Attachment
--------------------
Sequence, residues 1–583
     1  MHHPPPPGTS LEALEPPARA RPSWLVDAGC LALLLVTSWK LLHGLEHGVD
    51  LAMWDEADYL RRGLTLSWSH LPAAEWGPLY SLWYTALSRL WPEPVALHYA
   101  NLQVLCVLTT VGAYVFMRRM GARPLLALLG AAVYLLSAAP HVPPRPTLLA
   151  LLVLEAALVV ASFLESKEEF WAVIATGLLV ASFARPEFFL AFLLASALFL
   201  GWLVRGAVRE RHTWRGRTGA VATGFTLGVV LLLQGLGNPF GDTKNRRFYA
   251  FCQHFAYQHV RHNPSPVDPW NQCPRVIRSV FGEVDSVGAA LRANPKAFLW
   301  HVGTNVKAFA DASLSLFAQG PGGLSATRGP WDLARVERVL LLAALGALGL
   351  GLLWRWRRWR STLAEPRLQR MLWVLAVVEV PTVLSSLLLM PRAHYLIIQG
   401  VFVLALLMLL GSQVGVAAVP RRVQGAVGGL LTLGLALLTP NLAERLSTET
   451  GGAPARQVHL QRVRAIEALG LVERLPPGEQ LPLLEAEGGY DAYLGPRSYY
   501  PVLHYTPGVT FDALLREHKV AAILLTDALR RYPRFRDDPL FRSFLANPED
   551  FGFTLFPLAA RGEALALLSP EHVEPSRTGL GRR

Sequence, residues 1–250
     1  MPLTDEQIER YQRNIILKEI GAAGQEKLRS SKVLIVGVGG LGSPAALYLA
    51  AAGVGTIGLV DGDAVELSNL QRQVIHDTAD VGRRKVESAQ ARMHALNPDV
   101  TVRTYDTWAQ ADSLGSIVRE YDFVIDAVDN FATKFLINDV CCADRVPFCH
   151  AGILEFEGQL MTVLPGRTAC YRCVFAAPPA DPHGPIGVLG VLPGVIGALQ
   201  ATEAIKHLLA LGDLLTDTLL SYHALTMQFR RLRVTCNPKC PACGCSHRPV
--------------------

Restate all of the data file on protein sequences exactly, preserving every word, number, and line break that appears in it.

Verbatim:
Sequence, residues 1–583
     1  MHHPPPPGTS LEALEPPARA RPSWLVDAGC LALLLVTSWK LLHGLEHGVD
    51  LAMWDEADYL RRGLTLSWSH LPAAEWGPLY SLWYTALSRL WPEPVALHYA
   101  NLQVLCVLTT VGAYVFMRRM GARPLLALLG AAVYLLSAAP HVPPRPTLLA
   151  LLVLEAALVV ASFLESKEEF WAVIATGLLV ASFARPEFFL AFLLASALFL
   201  GWLVRGAVRE RHTWRGRTGA VATGFTLGVV LLLQGLGNPF GDTKNRRFYA
   251  FCQHFAYQHV RHNPSPVDPW NQCPRVIRSV FGEVDSVGAA LRANPKAFLW
   301  HVGTNVKAFA DASLSLFAQG PGGLSATRGP WDLARVERVL LLAALGALGL
   351  GLLWRWRRWR STLAEPRLQR MLWVLAVVEV PTVLSSLLLM PRAHYLIIQG
   401  VFVLALLMLL GSQVGVAAVP RRVQGAVGGL LTLGLALLTP NLAERLSTET
   451  GGAPARQVHL QRVRAIEALG LVERLPPGEQ LPLLEAEGGY DAYLGPRSYY
   501  PVLHYTPGVT FDALLREHKV AAILLTDALR RYPRFRDDPL FRSFLANPED
   551  FGFTLFPLAA RGEALALLSP EHVEPSRTGL GRR

Sequence, residues 1–250
     1  MPLTDEQIER YQRNIILKEI GAAGQEKLRS SKVLIVGVGG LGSPAALYLA
    51  AAGVGTIGLV DGDAVELSNL QRQVIHDTAD VGRRKVESAQ ARMHALNPDV
   101  TVRTYDTWAQ ADSLGSIVRE YDFVIDAVDN FATKFLINDV CCADRVPFCH
   151  AGILEFEGQL MTVLPGRTAC YRCVFAAPPA DPHGPIGVLG VLPGVIGALQ
   201  ATEAIKHLLA LGDLLTDTLL SYHALTMQFR RLRVTCNPKC PACGCSHRPV